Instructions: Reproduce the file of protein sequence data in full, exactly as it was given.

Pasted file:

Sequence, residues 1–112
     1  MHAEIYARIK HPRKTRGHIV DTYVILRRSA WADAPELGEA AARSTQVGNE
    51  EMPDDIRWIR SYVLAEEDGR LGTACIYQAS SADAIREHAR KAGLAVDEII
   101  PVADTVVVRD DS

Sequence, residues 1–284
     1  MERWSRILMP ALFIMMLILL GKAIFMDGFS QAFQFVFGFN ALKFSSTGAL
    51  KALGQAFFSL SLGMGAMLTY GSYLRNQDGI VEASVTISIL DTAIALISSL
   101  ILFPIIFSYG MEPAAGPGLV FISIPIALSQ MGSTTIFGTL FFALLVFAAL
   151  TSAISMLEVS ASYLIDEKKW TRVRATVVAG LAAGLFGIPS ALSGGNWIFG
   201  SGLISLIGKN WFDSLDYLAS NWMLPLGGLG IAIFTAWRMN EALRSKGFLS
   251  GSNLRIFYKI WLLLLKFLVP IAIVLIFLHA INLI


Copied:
Sequence, residues 1–112
     1  MHAEIYARIK HPRKTRGHIV DTYVILRRSA WADAPELGEA AARSTQVGNE
    51  EMPDDIRWIR SYVLAEEDGR LGTACIYQAS SADAIREHAR KAGLAVDEII
   101  PVADTVVVRD DS

Sequence, residues 1–284
     1  MERWSRILMP ALFIMMLILL GKAIFMDGFS QAFQFVFGFN ALKFSSTGAL
    51  KALGQAFFSL SLGMGAMLTY GSYLRNQDGI VEASVTISIL DTAIALISSL
   101  ILFPIIFSYG MEPAAGPGLV FISIPIALSQ MGSTTIFGTL FFALLVFAAL
   151  TSAISMLEVS ASYLIDEKKW TRVRATVVAG LAAGLFGIPS ALSGGNWIFG
   201  SGLISLIGKN WFDSLDYLAS NWMLPLGGLG IAIFTAWRMN EALRSKGFLS
   251  GSNLRIFYKI WLLLLKFLVP IAIVLIFLHA INLI